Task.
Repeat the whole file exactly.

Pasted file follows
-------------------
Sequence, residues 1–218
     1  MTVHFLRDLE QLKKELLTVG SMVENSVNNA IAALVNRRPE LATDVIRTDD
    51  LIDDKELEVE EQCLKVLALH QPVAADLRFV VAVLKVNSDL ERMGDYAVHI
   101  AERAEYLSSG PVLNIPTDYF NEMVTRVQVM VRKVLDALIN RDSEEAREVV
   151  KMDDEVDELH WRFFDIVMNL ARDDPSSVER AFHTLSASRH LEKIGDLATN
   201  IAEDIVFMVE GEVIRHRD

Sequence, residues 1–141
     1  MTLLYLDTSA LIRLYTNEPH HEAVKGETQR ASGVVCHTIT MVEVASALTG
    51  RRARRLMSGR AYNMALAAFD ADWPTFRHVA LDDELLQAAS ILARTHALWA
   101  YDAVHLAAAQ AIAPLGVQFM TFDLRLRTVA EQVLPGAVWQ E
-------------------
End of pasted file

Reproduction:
Sequence, residues 1–218
     1  MTVHFLRDLE QLKKELLTVG SMVENSVNNA IAALVNRRPE LATDVIRTDD
    51  LIDDKELEVE EQCLKVLALH QPVAADLRFV VAVLKVNSDL ERMGDYAVHI
   101  AERAEYLSSG PVLNIPTDYF NEMVTRVQVM VRKVLDALIN RDSEEAREVV
   151  KMDDEVDELH WRFFDIVMNL ARDDPSSVER AFHTLSASRH LEKIGDLATN
   201  IAEDIVFMVE GEVIRHRD

Sequence, residues 1–141
     1  MTLLYLDTSA LIRLYTNEPH HEAVKGETQR ASGVVCHTIT MVEVASALTG
    51  RRARRLMSGR AYNMALAAFD ADWPTFRHVA LDDELLQAAS ILARTHALWA
   101  YDAVHLAAAQ AIAPLGVQFM TFDLRLRTVA EQVLPGAVWQ E